Edinburgh re-visited

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Forth Raill Bridge

The Forth Bridge



It’s been nearly 5 years since I did my little farewell tour of Edinburgh and slipped quietly westward to inhabit the Island of Mull – And now its 9 months since sailing away from Scotland altogether and landing myself in Southern France in search of sun and warmth. I was tired of my refrigerator white skin, yes I needed a suntan for a while.

Ironically, the region in which I am living, Aude,  Languedoc Roussillon had a pretty dismal year in terms of weather with lots of storms and cool temperatures I looked on regularly in dismay at the weather forecast for the UK as it was experiencing one of the best summers for decades. Now the summer was over and crazily it was coming on for Christmas.

I flew in to Bristol and took a train to Cornwall to spend the Christmas with my family then trained it to Hereford to meet Paul. He was moving back to Edinburgh and a return to wedding photography after spending 2014 wondering the mountains of Scotland and France wandering what to do and where to live to do what he didnt know what to do.
So. perfect timing on my part. We would be spending the best part of the new year moving stuff, buying furniture and we also ended up painting the living room.

It was stormy, cold, wet and  dark, I missed my return flight back and had another week of stormy cold, wet and dark.  The plan was to head on up to the Cairngorms for some snowy winter walking. Ha! the best laid plans…we gazed out of windows a fair bit and played cards a lot, we read and I wrote little ditties.
Paul’s new pad is in North Queensferry, across the water from, yes, South Queensferry and Edinburgh city. We felt like creatures from the underworld beneath the spectacular structures of the Forth rail bridge on our left and the 1960’s Forth road bridge [opened in 1964 a week after I was born] on our right. With the third bridge under construction we were truly immersed in an industrial scene spanning not only the water but also three centuries.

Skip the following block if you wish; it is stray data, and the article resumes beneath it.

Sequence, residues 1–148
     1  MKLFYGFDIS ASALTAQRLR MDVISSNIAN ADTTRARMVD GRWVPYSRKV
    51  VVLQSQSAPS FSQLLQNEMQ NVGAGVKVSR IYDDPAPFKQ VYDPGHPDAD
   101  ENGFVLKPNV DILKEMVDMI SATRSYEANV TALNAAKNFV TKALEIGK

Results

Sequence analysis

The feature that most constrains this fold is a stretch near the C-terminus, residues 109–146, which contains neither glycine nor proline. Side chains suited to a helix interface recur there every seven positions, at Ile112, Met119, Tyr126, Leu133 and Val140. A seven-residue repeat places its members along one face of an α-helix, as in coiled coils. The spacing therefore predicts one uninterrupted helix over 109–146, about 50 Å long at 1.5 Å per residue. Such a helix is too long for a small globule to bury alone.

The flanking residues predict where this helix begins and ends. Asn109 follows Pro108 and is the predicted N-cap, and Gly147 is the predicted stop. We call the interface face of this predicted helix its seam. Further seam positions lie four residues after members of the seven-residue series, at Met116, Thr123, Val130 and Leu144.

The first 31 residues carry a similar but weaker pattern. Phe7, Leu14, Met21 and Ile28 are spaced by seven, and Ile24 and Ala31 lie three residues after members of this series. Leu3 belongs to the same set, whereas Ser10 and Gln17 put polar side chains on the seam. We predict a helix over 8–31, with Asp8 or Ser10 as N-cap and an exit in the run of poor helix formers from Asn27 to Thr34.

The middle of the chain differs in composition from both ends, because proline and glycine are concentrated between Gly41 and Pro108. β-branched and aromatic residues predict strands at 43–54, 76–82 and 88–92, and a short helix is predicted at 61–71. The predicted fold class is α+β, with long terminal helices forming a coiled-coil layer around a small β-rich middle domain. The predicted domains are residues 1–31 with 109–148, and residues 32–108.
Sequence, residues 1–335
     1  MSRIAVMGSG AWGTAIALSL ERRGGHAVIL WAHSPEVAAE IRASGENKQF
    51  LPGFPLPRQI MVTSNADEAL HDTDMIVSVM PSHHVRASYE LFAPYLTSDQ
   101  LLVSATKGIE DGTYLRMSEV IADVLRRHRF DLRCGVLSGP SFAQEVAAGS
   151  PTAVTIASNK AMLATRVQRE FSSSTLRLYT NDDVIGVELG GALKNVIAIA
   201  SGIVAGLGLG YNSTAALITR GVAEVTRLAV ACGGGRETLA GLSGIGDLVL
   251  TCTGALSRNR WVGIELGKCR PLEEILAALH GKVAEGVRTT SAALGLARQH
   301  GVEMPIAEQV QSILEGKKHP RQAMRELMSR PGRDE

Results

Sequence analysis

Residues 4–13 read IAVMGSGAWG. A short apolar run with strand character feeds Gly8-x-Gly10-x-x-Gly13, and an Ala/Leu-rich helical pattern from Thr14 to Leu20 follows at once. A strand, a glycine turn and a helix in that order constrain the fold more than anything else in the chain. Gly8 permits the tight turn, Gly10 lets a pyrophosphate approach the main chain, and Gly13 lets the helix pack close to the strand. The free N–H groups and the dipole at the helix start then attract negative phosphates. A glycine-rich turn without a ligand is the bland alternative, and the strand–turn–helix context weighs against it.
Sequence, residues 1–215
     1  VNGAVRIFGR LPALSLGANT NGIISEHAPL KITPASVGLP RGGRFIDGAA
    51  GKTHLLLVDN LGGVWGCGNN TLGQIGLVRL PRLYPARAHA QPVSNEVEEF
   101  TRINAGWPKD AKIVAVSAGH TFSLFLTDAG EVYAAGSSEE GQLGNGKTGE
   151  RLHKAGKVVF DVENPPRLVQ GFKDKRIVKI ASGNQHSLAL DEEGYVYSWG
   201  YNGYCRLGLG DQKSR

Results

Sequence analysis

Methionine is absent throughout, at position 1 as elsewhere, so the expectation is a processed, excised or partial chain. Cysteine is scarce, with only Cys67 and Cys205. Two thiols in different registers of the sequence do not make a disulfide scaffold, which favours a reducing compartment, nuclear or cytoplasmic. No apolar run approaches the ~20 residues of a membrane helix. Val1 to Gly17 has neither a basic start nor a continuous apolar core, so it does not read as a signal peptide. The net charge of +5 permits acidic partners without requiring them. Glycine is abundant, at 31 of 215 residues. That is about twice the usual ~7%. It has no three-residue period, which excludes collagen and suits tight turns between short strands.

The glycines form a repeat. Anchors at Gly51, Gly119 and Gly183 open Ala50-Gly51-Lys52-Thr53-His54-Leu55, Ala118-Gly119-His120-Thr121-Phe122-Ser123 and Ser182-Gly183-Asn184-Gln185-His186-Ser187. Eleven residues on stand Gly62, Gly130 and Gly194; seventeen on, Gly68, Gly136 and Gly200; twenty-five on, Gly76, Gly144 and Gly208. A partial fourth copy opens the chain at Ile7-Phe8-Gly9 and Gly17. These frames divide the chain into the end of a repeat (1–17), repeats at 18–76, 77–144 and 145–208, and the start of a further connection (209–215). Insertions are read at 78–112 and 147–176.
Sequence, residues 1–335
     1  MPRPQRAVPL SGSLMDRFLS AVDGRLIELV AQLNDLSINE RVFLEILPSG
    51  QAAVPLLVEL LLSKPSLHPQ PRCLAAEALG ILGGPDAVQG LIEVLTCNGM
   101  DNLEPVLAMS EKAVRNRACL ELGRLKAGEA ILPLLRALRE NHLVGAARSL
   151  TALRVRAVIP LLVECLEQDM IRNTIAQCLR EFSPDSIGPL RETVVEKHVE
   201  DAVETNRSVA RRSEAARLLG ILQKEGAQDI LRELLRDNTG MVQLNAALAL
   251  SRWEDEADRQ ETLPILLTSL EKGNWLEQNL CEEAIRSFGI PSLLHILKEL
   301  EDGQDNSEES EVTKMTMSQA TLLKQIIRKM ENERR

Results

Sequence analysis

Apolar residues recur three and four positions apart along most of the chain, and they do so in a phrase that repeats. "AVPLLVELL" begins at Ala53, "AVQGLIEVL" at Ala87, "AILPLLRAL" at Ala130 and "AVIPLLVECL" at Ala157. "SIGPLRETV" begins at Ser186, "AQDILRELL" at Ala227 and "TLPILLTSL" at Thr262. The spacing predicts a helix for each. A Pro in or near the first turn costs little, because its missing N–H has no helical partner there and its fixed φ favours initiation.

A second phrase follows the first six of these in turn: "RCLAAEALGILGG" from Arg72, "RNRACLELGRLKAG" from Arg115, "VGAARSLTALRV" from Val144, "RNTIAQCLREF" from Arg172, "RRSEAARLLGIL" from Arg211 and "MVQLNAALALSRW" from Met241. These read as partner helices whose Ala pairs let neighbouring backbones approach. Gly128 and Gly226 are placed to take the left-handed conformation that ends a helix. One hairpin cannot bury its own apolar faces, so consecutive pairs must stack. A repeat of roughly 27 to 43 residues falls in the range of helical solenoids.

Our first evening was spent in the pub right opposite Paul’s flat. The Albert was quiet with just a handful of locals braving the chilly dark night. I sat and sketched the bar scene, Paul was on his laptop linking to the world outside, his only connection until a phone-line would be installed.We had no transport either as the van was flashing warning lights at us on our journey from Hereford. It was diagnosed as the turbo and we would have to wait until the New Year holiday was over before it could be fixed.  So apart from a couple of short trips to charity shops hunting down a bed and sofa we were pedestrian.

Paul was sitting in J D Wetherspoons bar in Edinburgh using their internet and free coffee refills to upload photographs on his new Wedding website. I decided to stay at the flat and attempt some sketching. It was too awful to go outside so I looked into the mirror –  horror upon horrors –  conjuring thoughts and words of encouragement from Rembrandt, I drew a self portrait.  The storm clouds gathered and the wind took on a mightier than thou force of its own. Outside I could hear the clattering of stuff being shoved by the wind. Here is what I wrote:


The wind is lifting lids and hissing like an angry snake through the window frame.
The rain, savagely blown and battered against it’s glass, 
breaks into streams of beaten tears
The wind is triumphant as everything fears and cowers in its wake.

Ever defiant of nature’s will, stands the bridge of concrete and steel
beckoning forth across the Forth, those retreating to home and  warmth.
But the wind has a master plan and soon the traffic slows.
In the dark, streams of  lights recede now to a trickle flow,
The bridge is closed, surrendering once more to the wind’s  last triumphant blow.

Paul Robertson and Sally Eathorne re-visiting Edinburgh January 2015

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